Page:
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Filled with wild rapture, up he rose,
No more he ponders on the woes,
Which erst he felt that forward goes,
Regrets he'd sunk in impotence,
And hails the ideal day of virtuous eminence.
Ah! silly man, yet smarting sore,
With ills which in the world he bore,
Again on futile hope to rest,
An unsubstantial prop at best,
And not to know one swallow makes no summer!
Ah, soon he'll find the brilliant gleam,
Which flashed across the hemisphere,
Illumining the darkness there,
Was but a simple solitary beam,
While all around remained in customed night.
Still leaden ignorance reigns serene,
In the false court's delusive height,
And only one Carlisle is seen,
To illume the heavy gloom with pure and steady light.
DESCRIPTION OF A SUMMER'S EVE.
DOWN the sultry arc of 'day,
The burning wheels have urged their way,
And Eve along the western skies
Sheds her intermingling dyes.
Down the deep, the miry lane,
Creeking comes the empty wam,
And Driver on the shaft-horse sits,
Whistling now and then by fits ;
And oft, with bis accustom'd call,
Urging on the sluggish Ball.
The barn is still, the master's gone,
And Thresher pats his jacket on,
While Dick, upon the ladder tall,
Nails the dead kite to the wall.
Here comes shepherd Jack at last,
He has penned the sheep-cote fast,
For 'twas but two nights before,
A lamb was eaten on the moor
His empty wallet Rover carries,
Nor for Jack, when near home, tarries.
With lolling tongue he runs to try,
If the horse-trough be not dry.
The milk is settled in the pans,
And supper messes in the cans;
In the hovel carts are wheeled,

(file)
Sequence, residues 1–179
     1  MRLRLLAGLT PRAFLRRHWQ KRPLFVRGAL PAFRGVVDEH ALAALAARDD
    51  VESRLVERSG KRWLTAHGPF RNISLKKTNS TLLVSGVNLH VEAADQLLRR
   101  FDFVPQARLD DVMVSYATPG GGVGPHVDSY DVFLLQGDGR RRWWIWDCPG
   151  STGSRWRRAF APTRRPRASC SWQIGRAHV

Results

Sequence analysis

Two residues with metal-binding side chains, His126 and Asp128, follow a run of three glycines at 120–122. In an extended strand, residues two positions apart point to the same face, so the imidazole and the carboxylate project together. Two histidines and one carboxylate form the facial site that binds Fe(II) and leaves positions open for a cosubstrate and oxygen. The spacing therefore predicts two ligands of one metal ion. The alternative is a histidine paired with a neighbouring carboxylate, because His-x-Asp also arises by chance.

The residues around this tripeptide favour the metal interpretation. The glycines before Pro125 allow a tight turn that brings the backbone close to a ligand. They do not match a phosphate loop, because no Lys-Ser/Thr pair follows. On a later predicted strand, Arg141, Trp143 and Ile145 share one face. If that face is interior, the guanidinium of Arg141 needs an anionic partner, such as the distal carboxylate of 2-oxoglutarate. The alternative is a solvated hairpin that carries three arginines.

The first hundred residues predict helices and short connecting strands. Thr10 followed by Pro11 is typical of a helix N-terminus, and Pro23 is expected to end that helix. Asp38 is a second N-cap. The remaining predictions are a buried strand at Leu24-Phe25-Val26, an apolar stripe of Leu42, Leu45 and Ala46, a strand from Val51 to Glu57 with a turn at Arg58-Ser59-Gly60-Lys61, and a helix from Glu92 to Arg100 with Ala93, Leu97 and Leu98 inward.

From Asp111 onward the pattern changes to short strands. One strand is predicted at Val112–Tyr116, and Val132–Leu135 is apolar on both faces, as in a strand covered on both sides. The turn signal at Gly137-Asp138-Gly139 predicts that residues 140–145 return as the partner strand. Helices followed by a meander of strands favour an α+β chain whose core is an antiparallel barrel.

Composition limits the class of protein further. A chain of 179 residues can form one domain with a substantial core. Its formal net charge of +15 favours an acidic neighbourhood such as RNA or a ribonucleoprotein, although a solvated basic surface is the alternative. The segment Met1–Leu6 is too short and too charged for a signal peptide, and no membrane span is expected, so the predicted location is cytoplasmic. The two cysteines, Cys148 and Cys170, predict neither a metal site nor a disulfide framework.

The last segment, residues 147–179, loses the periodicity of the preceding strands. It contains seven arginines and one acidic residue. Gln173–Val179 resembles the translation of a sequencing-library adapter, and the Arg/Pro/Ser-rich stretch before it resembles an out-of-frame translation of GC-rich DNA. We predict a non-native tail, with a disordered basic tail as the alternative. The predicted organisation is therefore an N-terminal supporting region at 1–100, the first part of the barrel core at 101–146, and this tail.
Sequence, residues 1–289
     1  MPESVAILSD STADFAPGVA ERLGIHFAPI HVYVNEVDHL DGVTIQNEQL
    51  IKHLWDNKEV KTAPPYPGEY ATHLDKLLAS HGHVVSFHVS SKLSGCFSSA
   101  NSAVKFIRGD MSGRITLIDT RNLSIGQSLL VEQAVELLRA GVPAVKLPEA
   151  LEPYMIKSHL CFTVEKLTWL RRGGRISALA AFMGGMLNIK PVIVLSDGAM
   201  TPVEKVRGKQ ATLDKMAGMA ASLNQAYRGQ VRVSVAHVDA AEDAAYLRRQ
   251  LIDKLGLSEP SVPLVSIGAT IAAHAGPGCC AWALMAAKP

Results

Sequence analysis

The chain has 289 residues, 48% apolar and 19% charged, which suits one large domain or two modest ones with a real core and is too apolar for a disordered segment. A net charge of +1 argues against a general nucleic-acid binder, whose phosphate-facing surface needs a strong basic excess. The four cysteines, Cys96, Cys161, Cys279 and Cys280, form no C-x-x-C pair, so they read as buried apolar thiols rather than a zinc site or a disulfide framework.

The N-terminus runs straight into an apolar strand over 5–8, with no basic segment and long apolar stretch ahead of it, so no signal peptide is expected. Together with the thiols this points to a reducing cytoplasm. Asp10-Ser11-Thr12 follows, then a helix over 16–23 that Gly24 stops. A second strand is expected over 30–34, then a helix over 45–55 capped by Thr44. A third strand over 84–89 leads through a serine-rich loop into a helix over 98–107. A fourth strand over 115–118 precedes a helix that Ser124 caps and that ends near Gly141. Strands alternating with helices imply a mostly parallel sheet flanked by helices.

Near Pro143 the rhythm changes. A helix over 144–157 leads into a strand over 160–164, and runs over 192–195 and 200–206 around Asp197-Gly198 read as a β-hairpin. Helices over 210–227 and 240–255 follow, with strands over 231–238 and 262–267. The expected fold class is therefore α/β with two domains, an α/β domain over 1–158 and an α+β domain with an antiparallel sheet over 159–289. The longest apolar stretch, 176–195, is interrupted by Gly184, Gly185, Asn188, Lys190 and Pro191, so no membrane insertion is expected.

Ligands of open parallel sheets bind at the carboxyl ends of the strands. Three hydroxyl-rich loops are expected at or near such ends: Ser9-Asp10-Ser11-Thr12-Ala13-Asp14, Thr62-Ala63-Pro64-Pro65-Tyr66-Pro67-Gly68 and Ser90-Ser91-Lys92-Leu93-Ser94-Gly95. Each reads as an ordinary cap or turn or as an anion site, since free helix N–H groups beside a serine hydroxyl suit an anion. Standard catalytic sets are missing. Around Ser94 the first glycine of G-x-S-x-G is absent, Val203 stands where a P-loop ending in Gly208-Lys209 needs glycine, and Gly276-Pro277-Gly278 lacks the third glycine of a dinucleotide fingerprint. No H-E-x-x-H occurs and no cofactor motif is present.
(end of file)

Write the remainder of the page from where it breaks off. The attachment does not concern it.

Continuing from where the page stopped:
And both the colts are drove a-field;
The horses are all bedded up,
And the ewe is with the tup.
The snare for Mister Fox is set,
The leaven laid, the thatching wet,
And Bess has slink'd away to talk
With Roger in the holly-walk.
Now on the settle all, but Bess,
Are set to eat their supper mess;
And little Tom, and roguish Kate,
Are swinging on the meadow-gate.
Now they chat of various things,
Of taxes, ministers, and kings,
Or else tell all the village news,
How madam did the 'squire refuse;
How parson on his tythes was bent,
And landlord oft distrained for rent.
Thus do they talk, till in the sky
The pale ey'd moon is mounted high,
And from the alehouse drunken Ned
Had reeled--then hasten all to bed.
The mistress sees that lazy Kate
The happing coal on kitchen grate
Has laid—while master goes throughout,
Sees shutters fast, the mastiff out,
The candles safe, the hearths all clear,
And nought from thieves or fire to fear;
Then both to bed together creep,
And join the general troop of sleep.
COME, pensive sage, who lovest to dwell
In some retired Lapponian cell,
Where far from noise, and riot rude,
Resides sequestered solitude.
Come, and o'er my longing soul
Throw thy dark and russet stole,
And open to my duteous eyes,
The volume of thy mysteries.
I will meet thee on the hill,
Where, with printless footstep still
The morning, in her buskin grey,
Springs upon her eastern way;
While the frolic zephyrs stir,
Playing with the gossamer,
And, on ruder pinions borne,
Shake the dew drops from the thorn.
There, as o'er the fields we pass,
Brushing with hasty feet the grass,
We will startle from her nest,
The lively lark with speckled breast,
And hear the floating clouds among
Her gale-transported matin song,
Or on the upland stile embowered,
With fragrant hawthorn snowy flowered,
Will sauntering sit, and listen still,
To the herdsman's oaten quill,
Wafted from the plain below;
Or the heifers frequent low;
Or the milkmaid in the grove,
Singing of one that died for love.
Or when the noon-tide heats oppress,
We will seek the dark recess,
Where, in the embowered translucent stream,
The cattle shun the sultry beam,
And o'er us, on the marge
The drowsy fly her horn shall wind,
While echo, from her ancient oak,
Shall answer to the woodman's stroke;
Or the little peasant's song,
Wandering lone the glens among,
His artless lip with berries died,
And feet through ragged shoes descried.
But oh, when evening's virgin queen
Sits on her fringed throne serepe,
And mingling whispers rising near,
Steal on the still reposing ear;
While distant brooks decaying round,
Augment the mixed dissolving sound,
And the zephyr fitting by,
Whispers mystic harmony,
We will seek the woody lane,
By the hamlet, on the plain,
Where the weary rustic nigh,
Shall whistle his wild melody,
And the croaking wicket oft
Shall echo from the neighbouring croft ;
And as we trace the green path lone,
With moss and rank weeds
We will muse on pensive lore,
Till the full soul brimming o'er,